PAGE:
Tourists flock to Portsmouth every summer. This year, those who have been personally affected by COVID-19 say the city’s historic charm, shops and restaurants are especially appreciated.
Maria Pallozzi of Conway was relaxing July 7 at Poco’s Bow Street Cantina with Samantha Monks of Athol, Mass. The two graduated from Keene State College this spring, but had not been able to celebrate their accomplishments in person because commencement ceremonies won’t take place until the fall.
“It’s nice to finally live again,” Pallozzi said.
At Dunbar Square Restaurant in Market Square, Nathan McVeigh was having lunch with his 9-year-old daughter, Diana.
They were visiting family members in the area and are from Fiskdale, Mass. McVeigh works in Rhode Island and said he has lost people he knew to COVID-19.
“It was really bad in Rhode Island,” McVeigh said.
In addition to trying Nepal-style cooking, McVeigh checked out the historic character of downtown Portsmouth during his stay.
“It’s a beautiful city, with the Colonial feel,” McVeigh said.
Abigail Roth of York, Maine, Maria Dinisco, of Newton, Mass., and Sophia Gallant, of Sterling, N.J., were enjoying some retail therapy. Dinisco and Gallant had bags in their hands from the boutique Em & Elle on Pleasant Street.
“We’re leaving tomorrow and wanted to do some shopping,” Gallant said.
Signs outside the shops indicated that many of the small boutiques are limiting the number of customers to between two and six at a time.
Restaurants throughout the city have expanded outdoor dining as COVID-19 restrictions have eased.
Arlene and John Tommasini of Portsmouth were eating lunch outside at Popovers on the Square on Congress Street. Popovers typically has outdoor dining during the spring and summer.
The Tommasinis said they would like to see restaurants that have not previously offered al fresco dining continue to do so.
“It’s very inviting,” Arlene Tommasini said.
Restaurant owners say that when the weather is nice, they are reaching full capacity, but it can be hard when the forecast is not favorable.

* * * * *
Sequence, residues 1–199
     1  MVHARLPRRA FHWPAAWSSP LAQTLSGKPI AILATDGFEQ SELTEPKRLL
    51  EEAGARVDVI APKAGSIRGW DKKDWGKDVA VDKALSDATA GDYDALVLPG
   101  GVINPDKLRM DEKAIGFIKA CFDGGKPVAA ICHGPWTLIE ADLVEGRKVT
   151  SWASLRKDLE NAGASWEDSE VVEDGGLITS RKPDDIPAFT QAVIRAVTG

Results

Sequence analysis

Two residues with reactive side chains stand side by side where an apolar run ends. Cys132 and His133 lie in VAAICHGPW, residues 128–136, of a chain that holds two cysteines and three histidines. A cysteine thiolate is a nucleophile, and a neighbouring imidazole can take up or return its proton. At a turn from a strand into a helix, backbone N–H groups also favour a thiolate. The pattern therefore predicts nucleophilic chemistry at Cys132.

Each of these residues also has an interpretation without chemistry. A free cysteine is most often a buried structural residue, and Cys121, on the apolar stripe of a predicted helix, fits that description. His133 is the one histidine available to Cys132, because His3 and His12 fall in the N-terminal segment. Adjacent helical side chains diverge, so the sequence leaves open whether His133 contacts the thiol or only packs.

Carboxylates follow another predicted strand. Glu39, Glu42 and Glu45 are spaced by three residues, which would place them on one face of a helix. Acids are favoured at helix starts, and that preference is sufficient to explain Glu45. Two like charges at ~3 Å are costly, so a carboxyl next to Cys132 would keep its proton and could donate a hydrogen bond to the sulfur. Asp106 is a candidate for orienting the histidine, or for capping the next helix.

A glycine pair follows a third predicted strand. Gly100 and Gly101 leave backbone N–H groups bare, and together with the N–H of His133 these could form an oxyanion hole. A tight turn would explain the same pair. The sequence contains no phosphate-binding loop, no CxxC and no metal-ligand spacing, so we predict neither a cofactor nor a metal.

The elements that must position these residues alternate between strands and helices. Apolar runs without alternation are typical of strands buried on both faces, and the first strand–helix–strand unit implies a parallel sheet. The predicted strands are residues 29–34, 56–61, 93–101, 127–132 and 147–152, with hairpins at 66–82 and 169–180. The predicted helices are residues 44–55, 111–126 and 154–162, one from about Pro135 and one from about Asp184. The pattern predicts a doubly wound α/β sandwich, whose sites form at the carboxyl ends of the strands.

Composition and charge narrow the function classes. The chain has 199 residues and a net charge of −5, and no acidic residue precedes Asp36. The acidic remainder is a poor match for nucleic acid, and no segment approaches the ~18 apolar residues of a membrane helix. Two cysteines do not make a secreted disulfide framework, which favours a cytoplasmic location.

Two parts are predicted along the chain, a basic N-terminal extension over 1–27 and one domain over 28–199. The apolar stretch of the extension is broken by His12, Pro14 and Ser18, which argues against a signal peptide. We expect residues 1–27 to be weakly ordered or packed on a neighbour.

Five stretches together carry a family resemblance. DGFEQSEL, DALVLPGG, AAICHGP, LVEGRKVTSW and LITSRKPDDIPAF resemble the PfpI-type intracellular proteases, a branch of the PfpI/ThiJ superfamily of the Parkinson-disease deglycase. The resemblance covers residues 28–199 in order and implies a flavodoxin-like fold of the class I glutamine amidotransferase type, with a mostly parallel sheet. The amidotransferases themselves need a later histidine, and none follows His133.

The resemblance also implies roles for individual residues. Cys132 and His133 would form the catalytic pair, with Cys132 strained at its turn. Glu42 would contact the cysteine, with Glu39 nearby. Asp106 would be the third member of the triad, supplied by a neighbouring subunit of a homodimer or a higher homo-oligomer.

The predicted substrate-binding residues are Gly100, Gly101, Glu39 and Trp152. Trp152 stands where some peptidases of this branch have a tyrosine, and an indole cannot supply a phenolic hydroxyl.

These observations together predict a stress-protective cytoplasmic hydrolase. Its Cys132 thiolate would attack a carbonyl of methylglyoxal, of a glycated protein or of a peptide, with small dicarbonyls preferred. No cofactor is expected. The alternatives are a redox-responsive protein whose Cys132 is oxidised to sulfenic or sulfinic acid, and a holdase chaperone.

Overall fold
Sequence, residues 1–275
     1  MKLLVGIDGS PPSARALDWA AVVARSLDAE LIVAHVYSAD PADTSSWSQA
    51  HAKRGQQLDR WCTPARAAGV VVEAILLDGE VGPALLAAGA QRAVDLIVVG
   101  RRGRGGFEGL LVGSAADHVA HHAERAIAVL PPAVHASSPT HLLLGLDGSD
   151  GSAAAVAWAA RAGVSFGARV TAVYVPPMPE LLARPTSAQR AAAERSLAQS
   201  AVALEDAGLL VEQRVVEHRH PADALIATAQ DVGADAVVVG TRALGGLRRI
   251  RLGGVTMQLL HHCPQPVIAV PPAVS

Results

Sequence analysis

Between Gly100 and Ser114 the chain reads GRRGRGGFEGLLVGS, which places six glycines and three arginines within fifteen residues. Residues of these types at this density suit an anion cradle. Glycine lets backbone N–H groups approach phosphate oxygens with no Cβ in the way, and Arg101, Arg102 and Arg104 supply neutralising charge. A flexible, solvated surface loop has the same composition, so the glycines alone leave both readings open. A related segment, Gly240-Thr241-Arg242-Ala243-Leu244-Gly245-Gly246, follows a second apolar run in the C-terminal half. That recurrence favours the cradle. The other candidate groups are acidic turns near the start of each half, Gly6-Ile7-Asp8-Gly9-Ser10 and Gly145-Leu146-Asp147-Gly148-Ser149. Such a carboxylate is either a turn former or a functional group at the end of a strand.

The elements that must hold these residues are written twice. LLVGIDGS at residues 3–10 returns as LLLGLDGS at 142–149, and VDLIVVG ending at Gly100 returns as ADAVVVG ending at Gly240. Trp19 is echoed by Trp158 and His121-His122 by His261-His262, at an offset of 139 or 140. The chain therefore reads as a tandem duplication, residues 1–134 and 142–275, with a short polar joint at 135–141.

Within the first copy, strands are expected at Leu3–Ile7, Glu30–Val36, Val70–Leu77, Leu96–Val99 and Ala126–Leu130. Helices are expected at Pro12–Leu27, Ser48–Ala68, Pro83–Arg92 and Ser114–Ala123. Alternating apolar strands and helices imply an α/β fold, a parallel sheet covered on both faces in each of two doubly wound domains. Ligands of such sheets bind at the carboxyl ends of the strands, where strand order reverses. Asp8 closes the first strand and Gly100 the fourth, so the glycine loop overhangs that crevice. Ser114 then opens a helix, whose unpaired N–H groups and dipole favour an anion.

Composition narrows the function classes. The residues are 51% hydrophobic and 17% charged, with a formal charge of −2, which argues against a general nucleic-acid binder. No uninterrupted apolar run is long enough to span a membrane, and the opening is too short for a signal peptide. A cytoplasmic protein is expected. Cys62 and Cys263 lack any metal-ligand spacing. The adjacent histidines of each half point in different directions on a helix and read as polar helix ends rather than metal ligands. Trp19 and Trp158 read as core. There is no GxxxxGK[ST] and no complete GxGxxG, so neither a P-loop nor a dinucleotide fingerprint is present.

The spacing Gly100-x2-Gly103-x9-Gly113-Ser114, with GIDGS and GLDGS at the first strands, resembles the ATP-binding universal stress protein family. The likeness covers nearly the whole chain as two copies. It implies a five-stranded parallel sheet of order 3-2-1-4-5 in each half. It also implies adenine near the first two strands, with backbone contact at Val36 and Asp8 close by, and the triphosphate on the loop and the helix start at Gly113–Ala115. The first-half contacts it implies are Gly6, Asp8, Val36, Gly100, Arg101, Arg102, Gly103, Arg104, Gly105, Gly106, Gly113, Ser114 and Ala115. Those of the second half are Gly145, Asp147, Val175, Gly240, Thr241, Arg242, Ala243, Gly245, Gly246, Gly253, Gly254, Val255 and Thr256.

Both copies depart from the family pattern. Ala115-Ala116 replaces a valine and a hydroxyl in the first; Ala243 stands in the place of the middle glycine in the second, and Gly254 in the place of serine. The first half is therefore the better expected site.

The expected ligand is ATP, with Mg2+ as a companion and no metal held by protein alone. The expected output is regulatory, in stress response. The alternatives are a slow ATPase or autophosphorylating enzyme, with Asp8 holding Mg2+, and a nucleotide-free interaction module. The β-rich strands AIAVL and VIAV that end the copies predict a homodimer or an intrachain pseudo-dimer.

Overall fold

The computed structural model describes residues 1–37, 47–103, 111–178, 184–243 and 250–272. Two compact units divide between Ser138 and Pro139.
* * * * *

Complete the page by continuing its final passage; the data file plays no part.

“When there’s a chance of rain, it’s very slow,” said John Akar, co-owner of Cava Tapas & Wine Bar on Commercial Alley, which has an outdoor patio.
Akar said there are not as many people out at usual.
“It doesn’t look like Portsmouth in June and July,” Akar said.
Nimi Idnani, owner of Raleigh Wine Bar + Eatery, said there is still an odd vibe in Portsmouth because of COVID-19.
Idnani said the restaurant is trying to lighten spirits with build-your-own mimosa specials at brunch.
“On the dinner side, we’re keeping a smaller menu, but we’re trying to make it a little more fun and casual, so we’re always doing a sandwich on our menu and a pasta, and we’re working with the local farmers for everything else,” Idnani said.
Idnani said Tuckaway Farm in Lee has been providing the restaurant with beautiful vegetables. They also buy their seafood from local fishermen.
Amanda McSharry is the co-owner of The Sailmaker’s House on Court Street and Water Street Inn in Kittery, Maine. She said the two establishments are taking reservations for guests; they are booking rooms for August and September.
“A lot of them are visiting people or they are on their way up to Maine,” McSharry said.
Valerie Rochon is president of The Chamber Collaborative of Greater Portsmouth. She said during a July 8 meeting with retailers that they reported seeing an increase in foot traffic over the Fourth of July weekend.
“There’s a lot more feet on the street,” Rochon said.